How to stop ESL learners from translating?


I’ve often noticed that adult learners of English are constantly trying to translate what they hear into their mother tongue. In my opinion, this translation process burdens their brains and they can’t keep up with what’s being said. So I tried to make some suggestions on how to stop translating.

What do you think of them?
Many thanks,

TOEFL listening discussions: How is the young woman financing her education?[YSaerTTEW443543]

Well, to be honest, that excerpt (part 17) seems to offer only one suggestion, Torsten: ‘just relax’. Easily said, and I say it twice a day, but translating is more ingrained in adult learners than that-- saying ‘relax’ is just one more conscious rule they must follow.

No, I don’t have an answer. I try to get them involved enough and communicating briskly enough at the appropriate level of challenge that translation is at least partially by-passed.

Hi Charles,

The first step for a learner of English to stop translating back and forth is to be aware of the subconscious translation process. Since the vast majority of all learners of English are not aware of the fact that they constantly try to translate into their native language they can’t avoid it. So this article is about raising awareness and trying to come up with solutions.[YSaerTTEW443543]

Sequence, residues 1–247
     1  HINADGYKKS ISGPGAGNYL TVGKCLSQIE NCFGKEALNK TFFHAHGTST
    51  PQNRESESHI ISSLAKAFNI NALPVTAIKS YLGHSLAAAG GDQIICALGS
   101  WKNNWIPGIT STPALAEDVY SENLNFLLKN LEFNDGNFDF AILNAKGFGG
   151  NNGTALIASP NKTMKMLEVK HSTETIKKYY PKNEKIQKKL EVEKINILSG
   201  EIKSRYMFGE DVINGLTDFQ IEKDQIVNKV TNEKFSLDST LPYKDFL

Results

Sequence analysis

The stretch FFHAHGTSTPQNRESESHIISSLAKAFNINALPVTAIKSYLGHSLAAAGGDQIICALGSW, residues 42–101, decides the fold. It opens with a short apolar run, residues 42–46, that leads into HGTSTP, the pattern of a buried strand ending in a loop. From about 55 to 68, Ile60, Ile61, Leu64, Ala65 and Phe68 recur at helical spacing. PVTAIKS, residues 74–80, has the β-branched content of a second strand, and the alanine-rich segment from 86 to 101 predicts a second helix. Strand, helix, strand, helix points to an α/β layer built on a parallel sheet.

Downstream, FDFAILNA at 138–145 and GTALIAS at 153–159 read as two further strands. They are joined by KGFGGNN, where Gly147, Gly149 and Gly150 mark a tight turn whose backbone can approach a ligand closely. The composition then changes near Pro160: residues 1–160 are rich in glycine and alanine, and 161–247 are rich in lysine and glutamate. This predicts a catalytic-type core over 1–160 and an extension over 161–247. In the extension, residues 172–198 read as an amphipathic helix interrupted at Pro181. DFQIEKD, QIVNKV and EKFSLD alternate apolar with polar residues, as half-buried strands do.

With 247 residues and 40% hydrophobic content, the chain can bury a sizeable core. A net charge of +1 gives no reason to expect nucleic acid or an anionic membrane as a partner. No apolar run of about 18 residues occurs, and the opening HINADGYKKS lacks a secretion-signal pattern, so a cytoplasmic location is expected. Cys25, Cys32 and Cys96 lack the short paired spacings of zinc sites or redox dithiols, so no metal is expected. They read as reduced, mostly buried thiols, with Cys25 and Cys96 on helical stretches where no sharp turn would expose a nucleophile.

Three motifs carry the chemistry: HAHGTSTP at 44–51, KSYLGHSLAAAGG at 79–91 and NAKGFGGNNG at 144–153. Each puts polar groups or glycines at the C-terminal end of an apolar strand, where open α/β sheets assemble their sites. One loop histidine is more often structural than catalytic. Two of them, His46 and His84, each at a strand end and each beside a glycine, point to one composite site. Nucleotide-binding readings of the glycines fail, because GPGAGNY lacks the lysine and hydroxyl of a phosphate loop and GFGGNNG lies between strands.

TOEIC listening, photographs: A riverside[YSaerTTEW443543]

When learning a new language, I find it helps to associate new words with thoughts and images, rather than the equivalent English words. But I expect that’s a common experience.


Hell, there’s nothing subconscious about my students’ translation-- often, it’s not even silent!